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S Afr Med J. 2015 Dec 16;106(1):101-4. doi: 10.7196/SAMJ.2016.v106i1.9860.

Prevalence of anaemia in pregnancy in a regional health facility in South Africa.

Author information

1
Department of Obstetrics and Gynaecology, Addington Hospital, Durban, South Africa. addington.gynae@kznhealth.za.

Abstract

BACKGROUND:

Anaemia is a major global health problem affecting an estimated 42% of pregnant women worldwide. There is a paucity of South African (SA) data on anaemia in pregnancy, despite the fact that parasitic infections are endemic and the nutritional status of sections of the population is poor.

OBJECTIVE:

To determine the prevalence of anaemia among antenatal attendees in a regional hospital in Durban, SA.

METHODS:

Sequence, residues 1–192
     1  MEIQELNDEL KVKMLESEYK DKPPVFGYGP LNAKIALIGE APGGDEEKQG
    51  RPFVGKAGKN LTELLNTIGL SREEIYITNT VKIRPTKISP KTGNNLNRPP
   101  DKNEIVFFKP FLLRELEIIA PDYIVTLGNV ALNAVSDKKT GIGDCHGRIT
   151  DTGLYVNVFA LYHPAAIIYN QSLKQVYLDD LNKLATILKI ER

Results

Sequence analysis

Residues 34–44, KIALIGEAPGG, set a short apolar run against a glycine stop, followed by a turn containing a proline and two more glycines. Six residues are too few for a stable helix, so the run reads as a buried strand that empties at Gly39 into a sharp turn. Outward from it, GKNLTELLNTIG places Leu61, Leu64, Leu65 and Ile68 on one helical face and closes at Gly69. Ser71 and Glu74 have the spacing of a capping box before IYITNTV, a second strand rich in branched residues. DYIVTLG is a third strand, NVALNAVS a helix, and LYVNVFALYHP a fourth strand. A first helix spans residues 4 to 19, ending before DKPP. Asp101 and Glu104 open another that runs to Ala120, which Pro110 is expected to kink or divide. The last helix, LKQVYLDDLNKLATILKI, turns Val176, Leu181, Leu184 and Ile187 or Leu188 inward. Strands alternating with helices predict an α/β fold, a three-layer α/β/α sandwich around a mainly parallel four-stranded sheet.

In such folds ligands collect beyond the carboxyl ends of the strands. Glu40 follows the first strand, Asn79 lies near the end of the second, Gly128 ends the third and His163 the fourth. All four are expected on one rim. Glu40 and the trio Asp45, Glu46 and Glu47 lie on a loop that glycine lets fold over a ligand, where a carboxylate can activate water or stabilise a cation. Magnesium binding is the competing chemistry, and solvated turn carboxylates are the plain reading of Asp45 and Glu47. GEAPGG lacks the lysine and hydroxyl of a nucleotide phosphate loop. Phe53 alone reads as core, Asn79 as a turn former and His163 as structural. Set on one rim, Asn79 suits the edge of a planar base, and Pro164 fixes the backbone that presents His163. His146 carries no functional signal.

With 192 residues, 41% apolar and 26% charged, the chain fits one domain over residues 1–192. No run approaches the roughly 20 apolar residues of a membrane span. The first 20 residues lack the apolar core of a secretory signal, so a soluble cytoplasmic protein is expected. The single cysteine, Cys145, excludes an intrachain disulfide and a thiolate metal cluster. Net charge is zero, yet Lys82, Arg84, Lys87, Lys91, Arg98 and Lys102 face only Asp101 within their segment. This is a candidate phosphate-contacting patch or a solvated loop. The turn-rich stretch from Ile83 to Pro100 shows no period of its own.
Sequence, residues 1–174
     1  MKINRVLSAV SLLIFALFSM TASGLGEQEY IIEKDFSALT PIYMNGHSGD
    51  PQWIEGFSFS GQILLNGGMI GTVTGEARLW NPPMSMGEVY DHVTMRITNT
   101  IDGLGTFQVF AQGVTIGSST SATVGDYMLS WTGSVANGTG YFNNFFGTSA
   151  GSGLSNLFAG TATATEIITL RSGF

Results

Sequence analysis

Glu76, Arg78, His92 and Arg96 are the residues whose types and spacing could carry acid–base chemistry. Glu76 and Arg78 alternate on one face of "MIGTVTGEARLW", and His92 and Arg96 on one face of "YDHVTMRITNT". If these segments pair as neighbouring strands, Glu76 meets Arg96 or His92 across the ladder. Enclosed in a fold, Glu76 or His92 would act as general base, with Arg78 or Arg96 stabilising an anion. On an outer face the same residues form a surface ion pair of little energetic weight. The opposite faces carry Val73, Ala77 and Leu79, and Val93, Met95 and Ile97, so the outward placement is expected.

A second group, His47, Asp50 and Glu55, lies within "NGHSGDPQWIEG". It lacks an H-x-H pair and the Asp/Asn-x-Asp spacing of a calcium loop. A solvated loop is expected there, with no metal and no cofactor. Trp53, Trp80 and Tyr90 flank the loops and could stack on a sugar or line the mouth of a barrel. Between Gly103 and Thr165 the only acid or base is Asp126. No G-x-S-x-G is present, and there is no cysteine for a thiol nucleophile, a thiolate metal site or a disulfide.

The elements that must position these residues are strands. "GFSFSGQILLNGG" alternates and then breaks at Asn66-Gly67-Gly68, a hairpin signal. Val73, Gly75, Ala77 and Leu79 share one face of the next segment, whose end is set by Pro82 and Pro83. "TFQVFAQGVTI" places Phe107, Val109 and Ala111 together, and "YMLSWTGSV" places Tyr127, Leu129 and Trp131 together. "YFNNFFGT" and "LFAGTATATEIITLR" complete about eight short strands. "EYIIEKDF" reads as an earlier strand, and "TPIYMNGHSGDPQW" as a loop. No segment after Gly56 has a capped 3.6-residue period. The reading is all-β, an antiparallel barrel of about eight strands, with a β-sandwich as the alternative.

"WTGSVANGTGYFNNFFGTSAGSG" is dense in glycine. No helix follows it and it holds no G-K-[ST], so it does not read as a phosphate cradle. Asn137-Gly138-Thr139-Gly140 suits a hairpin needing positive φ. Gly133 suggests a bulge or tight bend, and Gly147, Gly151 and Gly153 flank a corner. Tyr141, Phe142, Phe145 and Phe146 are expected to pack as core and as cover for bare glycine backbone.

This was a cross-sectional prospective study in a regional health facility in an urban setting serving a population of low socioeconomic status. Venous blood samples to perform a full blood count were obtained from antenatal attendees at their first clinic visit.

RESULTS:

Two thousand pregnant women were studied; the mean (standard deviation) age and gestational age at booking was 27.6 (7.6) years and 21.7 (7.1) weeks, respectively. Eight hundred and fifty-four (42.7%) were anaemic (haemoglobin (Hb) levels<11 g/dL). The majority (81.4%) were mildly anaemic. There were five (0.6%) cases of severe anaemia (Hb<7 g/dL). The prevalence of anaemia was significantly higher in HIV-positive compared with HIV-negative pregnant women (71.3% v. 28.7%; p<0.0001). The common morphology was normochromic normocytic (n=588, 68.9%).

CONCLUSION:

The prevalence of anaemia was 42.7%. In the majority (81.4%) the anaemia was mild and normocytic and normochromic (68.9%). Anaemia is a common problem among antenatal attendees in an SA urban population.

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